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syslog-ng Premium Edition

Contents

14.1. Correlating messages using the grouping-by() parser The syslog-ng Premium Edition 7 Administrator Guide

The syslog-ng PE application can correlate log messages that match a set of filters. This works similarly to SQL GROUP BY statements. Alternatively, you can also correlate log messages using pattern databases. For details, see Section 13.3, Correlating log messages using pattern databases.

Log messages are supposed to describe events, but applications often separate information about a single event into different log messages. For example, the Postfix e-mail server logs the sender and recipient addresses into separate log messages, or in case of an unsuccessful login attempt, the OpenSSH server sends a log message about the authentication failure, and the reason of the failure in the next message. Of course, messages that are not so directly related can be correlated as well, for example, login-logout messages, and so on.

To correlate log messages with syslog-ng PE, you can add messages into message-groups called contexts. A context consists of a series of log messages that are related to each other in some way, for example, the log messages of an SSH session can belong to the same context. As new messages come in, they may be added to a context. Also, when an incoming message is identified it can trigger actions to be performed, for example, generate a new message that contains all the important information that was stored previously in the context.

How the grouping-by() parser works. 

    +--------------------+
    |Incoming log message|
    +--------------------+
              |
              |
              |
              |
              V
    +-------------------------------------------+    No
    |Does it match key(), scope(), and where()? +----------> Ignore message
    +-------------------------------------------+
              |
              |
              V
    Add message to context
              |
              |
              v                    No
    Is it a trigger() message or --------> Wait until timeout() or a new message
    has the timeout() expired?
             +
             |
             |
             v                              No
    Does the context match having()? +-------------> Close the context
            +                                         and do nothing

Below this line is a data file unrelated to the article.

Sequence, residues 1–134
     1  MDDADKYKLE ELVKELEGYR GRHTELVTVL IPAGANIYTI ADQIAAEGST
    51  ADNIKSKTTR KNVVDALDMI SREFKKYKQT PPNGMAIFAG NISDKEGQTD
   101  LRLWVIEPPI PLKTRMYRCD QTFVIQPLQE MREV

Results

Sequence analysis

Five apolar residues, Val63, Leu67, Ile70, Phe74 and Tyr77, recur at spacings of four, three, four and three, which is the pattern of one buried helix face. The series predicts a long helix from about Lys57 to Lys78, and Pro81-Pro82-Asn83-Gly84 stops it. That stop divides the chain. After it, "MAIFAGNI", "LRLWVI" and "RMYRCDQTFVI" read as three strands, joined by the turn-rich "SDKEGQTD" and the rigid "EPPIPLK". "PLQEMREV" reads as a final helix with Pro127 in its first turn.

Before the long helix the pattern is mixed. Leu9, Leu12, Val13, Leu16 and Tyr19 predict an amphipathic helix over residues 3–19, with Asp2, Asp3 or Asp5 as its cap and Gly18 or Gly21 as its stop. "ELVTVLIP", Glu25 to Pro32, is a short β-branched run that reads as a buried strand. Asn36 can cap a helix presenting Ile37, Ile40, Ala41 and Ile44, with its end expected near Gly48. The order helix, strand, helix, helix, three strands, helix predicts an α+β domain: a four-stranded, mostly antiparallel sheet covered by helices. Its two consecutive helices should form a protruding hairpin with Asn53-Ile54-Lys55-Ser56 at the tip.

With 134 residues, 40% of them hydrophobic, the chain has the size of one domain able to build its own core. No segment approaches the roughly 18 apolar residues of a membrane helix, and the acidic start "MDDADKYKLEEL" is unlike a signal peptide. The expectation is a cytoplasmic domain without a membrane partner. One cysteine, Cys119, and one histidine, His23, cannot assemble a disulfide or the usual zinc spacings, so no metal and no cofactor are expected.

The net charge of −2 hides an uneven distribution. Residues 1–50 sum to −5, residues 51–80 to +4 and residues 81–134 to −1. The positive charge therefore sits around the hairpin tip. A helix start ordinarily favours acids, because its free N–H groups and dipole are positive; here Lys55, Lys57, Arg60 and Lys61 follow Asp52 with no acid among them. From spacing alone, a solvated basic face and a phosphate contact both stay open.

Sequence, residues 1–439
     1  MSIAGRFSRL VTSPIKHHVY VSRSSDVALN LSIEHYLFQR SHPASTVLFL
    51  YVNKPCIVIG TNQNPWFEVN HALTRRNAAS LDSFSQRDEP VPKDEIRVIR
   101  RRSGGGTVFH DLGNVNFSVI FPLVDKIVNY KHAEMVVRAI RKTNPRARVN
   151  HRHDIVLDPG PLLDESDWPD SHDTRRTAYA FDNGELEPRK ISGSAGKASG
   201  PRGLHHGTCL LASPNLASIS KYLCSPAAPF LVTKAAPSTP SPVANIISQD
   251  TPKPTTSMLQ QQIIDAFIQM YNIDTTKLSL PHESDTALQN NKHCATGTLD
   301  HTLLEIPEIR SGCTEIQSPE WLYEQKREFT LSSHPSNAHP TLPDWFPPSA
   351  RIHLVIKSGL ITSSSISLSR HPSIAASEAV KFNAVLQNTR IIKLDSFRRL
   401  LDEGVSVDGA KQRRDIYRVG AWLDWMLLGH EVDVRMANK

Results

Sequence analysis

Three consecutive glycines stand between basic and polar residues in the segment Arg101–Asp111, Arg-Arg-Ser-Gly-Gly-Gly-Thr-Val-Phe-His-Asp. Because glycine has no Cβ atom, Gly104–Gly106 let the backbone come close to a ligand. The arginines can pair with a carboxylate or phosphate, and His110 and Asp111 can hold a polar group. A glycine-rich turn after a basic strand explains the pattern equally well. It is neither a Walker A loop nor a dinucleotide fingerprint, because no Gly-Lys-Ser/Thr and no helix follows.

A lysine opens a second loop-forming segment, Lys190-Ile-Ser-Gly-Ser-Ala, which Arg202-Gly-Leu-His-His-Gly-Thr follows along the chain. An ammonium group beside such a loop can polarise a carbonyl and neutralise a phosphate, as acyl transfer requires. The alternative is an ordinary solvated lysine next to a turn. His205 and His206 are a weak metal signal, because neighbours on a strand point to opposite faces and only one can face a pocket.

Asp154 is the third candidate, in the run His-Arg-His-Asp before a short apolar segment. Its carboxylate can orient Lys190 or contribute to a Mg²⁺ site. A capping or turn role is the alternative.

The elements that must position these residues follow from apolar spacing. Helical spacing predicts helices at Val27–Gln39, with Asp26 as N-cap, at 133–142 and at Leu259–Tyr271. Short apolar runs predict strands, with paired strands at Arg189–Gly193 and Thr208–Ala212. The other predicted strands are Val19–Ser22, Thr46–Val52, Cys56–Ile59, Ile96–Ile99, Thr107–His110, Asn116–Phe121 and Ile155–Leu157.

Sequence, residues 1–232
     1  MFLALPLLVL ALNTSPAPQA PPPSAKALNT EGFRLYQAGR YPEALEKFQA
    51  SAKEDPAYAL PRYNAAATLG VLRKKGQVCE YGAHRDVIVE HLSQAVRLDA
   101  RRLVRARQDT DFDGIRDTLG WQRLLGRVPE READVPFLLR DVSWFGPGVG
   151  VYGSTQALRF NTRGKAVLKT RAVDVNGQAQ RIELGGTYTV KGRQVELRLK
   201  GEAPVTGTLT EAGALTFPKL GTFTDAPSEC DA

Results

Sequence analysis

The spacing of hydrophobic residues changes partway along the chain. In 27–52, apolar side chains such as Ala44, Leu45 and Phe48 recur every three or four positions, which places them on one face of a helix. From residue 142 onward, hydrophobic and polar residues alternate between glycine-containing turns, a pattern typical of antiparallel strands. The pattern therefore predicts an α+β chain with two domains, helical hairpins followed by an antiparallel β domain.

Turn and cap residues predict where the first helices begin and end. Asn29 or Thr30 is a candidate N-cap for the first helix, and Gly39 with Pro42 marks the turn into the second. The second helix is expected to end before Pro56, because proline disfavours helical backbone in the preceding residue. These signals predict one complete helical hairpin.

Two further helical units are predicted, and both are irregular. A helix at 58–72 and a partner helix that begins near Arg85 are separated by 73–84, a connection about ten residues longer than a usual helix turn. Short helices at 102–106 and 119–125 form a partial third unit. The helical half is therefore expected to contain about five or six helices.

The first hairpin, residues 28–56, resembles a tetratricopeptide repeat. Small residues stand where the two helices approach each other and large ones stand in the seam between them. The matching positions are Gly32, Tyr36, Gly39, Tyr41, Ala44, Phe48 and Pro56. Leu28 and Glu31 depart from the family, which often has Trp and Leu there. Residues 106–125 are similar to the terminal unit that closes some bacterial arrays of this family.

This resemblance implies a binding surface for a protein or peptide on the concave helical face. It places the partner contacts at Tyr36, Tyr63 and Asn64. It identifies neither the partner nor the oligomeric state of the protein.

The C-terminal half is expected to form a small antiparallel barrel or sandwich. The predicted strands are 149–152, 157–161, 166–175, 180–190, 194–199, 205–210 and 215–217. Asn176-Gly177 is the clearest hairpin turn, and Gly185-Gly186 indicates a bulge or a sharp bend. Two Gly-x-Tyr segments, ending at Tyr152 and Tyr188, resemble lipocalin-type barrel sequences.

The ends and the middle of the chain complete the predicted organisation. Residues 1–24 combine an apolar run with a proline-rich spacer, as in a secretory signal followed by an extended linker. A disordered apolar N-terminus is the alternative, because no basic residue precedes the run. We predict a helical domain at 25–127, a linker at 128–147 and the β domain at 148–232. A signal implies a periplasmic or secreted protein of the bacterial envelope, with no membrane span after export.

|
            |
            v
    Inject the aggregate() log message and close the context
    

The grouping-by() parser has three options that determine if a message is added to a context: scope(), key(), and where().

  • The scope() option acts as an early filter, selecting messages sent by the same process (${HOST}${PROGRAM}${PID} is identical), application (${HOST}${PROGRAM} is identical), or host.

  • The key() identifies the context the message belongs to. (The value of the key must be the same for every message of the context.)

  • To use a filter to further limit the messages that are added to the context, you can use the where() option.

The timeout() option determines how long a context is stored, that is, how long syslog-ng PE waits for related messages to arrive. If the group has a specific log message that ends the context (for example, a logout message), you can specify it using the trigger() option.

When the context is closed, and the messages match the filter set in the having() option (or the having() option is not set), syslog-ng PE generates and sends the message set in the aggregate() option.

Note

Message contexts are persistent and are not lost when syslog-ng PE is reloaded (SIGHUP), but are lost when syslog-ng PE is restarted.

Declaration: 

parser parser_name {
    grouping-by(
        key()
        having()
        aggregate()
        timeout()
    );
};

For the parser to work, you must set at least the following options: key(), aggregate(), and timeout().

Note the following points about timeout values:

  • When a new message is added to a context, syslog-ng PE will restart the timeout using the context-timeout set for the new message.

  • When calculating if the timeout has already expired or not, syslog-ng PE uses the timestamps of the incoming messages, not system time elapsed between receiving the two messages (unless the messages do not include a timestamp, or the keep-timestamp(no) option is set). That way syslog-ng PE can be used to process and correlate already existing log messages offline. However, the timestamps of the messages must be in chronological order (that is, a new message cannot be older than the one already processed), and if a message is newer than the current system time (that is, it seems to be coming from the future), syslog-ng PE will replace its timestamp with the current system time.

    Example 14.1. How syslog-ng PE calculates context-timeout

    Consider the following two messages:

    <38>1990-01-01T14:45:25 customhostname program6[1234]: program6 testmessage
    <38>1990-01-01T14:46:25 customhostname program6[1234]: program6 testmessage

    If the context-timeout is 10 seconds and syslog-ng PE receives the messages within 1 sec, the timeout event will occur immediately, because the difference of the two timestamps (60 sec) is larger than the timeout value (10 sec).

  • Avoid using unnecessarily long timeout values on high-traffic systems, as storing the contexts for many messages can require considerable memory. For example, if two related messages usually arrive within seconds, it is not needed to set the timeout to several hours.